The Norwegian Coastal Administration will over the next two years work with partners in Sweden, Denmark, France, Belgium and Malta to find what responses will work best in the event of an oil spill of low sulphur fuel.
From 1 January 2020, the UN's International Maritime Organization (IMO) have made changes in their regulations in order to reduce emissions from ships. These changes have resulted in new types of fuel and an increase in use of low sulphur fuels.
In the event of an oil spill at sea, these new types of fuel oils could present challenges. Laboratory testing have shown substantial diversity of the fuel oils with regard to physical and chemical properties, as well as toxicity. This means that if an accident happens to a ship using low sulphur fuel, may result in severe impacts on the marine and coastal environment with subsequent challenges for responders, since it might be difficult to recover the oil with conventional oil spill response equipment and methods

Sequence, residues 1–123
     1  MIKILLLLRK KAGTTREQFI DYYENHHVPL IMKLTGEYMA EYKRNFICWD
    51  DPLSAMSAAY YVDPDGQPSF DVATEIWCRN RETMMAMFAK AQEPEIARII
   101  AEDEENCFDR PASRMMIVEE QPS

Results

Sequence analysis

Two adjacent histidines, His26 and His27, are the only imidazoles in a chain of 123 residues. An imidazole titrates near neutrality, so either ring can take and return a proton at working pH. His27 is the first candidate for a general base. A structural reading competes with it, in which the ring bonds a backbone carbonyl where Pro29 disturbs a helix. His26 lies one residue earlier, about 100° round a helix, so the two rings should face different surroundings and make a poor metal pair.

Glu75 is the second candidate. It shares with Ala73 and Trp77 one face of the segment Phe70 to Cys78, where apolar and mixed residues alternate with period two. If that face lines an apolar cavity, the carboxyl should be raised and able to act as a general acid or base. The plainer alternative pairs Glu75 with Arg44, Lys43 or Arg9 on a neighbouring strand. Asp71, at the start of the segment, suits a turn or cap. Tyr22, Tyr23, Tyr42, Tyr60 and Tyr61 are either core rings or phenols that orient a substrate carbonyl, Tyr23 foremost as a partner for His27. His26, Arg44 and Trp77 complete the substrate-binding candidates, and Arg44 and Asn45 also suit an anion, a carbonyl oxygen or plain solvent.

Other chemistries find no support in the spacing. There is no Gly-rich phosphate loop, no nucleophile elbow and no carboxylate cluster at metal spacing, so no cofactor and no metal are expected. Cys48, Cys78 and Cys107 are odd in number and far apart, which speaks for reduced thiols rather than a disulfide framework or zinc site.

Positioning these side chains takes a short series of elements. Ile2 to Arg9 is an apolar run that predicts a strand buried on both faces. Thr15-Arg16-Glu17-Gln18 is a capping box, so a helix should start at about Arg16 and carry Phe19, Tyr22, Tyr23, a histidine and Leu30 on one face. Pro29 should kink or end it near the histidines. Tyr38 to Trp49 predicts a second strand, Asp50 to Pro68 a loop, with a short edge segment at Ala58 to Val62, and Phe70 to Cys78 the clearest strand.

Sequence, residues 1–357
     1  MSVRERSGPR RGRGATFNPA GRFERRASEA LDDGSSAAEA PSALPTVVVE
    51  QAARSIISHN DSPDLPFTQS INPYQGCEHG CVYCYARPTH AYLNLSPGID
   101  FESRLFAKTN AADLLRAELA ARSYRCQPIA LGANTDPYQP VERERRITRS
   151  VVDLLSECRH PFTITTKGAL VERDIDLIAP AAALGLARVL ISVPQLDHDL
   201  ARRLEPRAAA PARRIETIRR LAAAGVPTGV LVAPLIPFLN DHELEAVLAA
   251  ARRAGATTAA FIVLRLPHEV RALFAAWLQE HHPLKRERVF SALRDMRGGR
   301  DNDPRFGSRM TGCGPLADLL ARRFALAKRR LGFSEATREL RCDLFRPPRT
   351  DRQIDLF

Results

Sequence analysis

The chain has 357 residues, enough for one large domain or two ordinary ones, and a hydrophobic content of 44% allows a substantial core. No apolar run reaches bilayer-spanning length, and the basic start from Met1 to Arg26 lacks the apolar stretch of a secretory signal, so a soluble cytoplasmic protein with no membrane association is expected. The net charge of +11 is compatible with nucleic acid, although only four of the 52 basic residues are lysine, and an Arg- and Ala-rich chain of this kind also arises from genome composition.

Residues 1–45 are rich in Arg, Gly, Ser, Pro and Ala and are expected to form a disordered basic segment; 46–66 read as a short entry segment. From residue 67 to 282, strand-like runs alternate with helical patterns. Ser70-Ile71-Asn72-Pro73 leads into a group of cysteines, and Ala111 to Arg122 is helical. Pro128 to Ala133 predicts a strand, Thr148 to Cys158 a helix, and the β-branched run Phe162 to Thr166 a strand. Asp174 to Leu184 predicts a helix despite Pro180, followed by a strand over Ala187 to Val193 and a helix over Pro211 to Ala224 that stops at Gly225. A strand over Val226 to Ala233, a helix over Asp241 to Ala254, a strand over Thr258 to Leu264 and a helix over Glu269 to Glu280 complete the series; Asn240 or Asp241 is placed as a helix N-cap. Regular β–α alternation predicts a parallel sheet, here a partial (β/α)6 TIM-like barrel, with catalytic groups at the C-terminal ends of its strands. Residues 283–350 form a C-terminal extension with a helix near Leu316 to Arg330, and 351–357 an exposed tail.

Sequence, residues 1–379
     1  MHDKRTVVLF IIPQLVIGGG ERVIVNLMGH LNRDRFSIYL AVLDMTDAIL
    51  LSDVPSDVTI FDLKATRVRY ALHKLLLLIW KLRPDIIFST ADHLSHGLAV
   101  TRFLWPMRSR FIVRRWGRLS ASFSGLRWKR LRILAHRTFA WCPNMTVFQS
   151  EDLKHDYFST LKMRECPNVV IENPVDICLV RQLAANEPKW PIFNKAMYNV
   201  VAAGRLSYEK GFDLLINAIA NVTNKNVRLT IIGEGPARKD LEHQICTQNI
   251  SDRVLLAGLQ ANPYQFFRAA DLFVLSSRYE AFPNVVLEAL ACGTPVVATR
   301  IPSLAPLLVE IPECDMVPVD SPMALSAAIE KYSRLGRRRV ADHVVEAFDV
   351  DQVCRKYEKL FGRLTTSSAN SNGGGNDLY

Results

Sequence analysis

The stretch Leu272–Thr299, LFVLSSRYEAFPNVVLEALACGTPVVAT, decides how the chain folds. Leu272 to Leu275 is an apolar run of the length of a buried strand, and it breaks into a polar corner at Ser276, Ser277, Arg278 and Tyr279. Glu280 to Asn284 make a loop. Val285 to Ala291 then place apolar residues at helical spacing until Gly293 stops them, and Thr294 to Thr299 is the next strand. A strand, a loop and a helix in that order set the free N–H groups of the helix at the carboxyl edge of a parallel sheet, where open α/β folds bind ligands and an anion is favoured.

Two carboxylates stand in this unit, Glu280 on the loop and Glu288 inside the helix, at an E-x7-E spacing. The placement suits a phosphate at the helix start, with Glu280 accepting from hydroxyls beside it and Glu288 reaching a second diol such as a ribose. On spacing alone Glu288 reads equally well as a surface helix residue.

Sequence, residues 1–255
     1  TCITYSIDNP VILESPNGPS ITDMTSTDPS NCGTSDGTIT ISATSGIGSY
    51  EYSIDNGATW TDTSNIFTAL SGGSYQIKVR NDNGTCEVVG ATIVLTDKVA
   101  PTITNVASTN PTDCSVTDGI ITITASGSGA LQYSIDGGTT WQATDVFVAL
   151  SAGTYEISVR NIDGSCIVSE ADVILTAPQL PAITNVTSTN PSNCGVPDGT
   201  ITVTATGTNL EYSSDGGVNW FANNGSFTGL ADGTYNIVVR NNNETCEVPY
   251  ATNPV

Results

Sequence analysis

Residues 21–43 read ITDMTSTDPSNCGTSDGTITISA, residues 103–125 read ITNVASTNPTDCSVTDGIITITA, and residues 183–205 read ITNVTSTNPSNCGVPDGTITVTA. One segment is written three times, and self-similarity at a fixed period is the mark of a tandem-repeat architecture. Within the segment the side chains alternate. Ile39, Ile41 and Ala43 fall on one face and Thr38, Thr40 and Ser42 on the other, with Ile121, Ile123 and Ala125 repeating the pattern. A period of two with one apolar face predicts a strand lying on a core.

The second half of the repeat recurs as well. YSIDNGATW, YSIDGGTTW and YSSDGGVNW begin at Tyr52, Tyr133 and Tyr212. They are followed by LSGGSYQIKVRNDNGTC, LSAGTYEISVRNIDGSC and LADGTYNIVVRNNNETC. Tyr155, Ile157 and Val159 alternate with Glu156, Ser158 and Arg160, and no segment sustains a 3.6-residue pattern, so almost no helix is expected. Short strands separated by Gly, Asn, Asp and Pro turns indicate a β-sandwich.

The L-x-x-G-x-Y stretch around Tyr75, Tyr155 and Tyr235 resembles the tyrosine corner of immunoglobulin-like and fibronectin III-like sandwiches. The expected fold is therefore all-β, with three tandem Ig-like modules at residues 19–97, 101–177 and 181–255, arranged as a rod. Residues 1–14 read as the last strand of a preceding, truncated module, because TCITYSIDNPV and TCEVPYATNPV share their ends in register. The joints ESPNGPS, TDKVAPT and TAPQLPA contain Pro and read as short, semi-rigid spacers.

EU funded cooperation
The Norwegian Coastal Administration has taken the initiative to start up IMAROS. This project will gather knowledge and experience from different countries, in order to make recommendations on how to conduct oil spill operations in the event of low sulphur fuels emissions on water. IMAROS is a collaboration between Norway, Sweden, Denmark, France, Belgium and Malta, and it is funded by the EU.
The project will identify the most relevant new low sulphur fuels used by European ships. They will be analysed, and the suitability of a variety of response technologies and methods will be tested on the different fuel oils.
IMAROS is off to a good start, with a kick-off in Brussels and a workshop in Copenhagen. The project team has started the work and agreed on further plans for the project, which has a duration of two years.